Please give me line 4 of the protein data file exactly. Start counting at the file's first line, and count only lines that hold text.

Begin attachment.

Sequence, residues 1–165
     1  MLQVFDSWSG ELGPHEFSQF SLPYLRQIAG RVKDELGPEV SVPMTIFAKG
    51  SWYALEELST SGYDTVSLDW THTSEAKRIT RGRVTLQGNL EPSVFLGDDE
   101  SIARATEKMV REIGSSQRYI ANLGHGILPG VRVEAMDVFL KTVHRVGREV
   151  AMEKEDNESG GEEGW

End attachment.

   101  SIARATEKMV REIGSSQRYI ANLGHGILPG VRVEAMDVFL KTVHRVGREV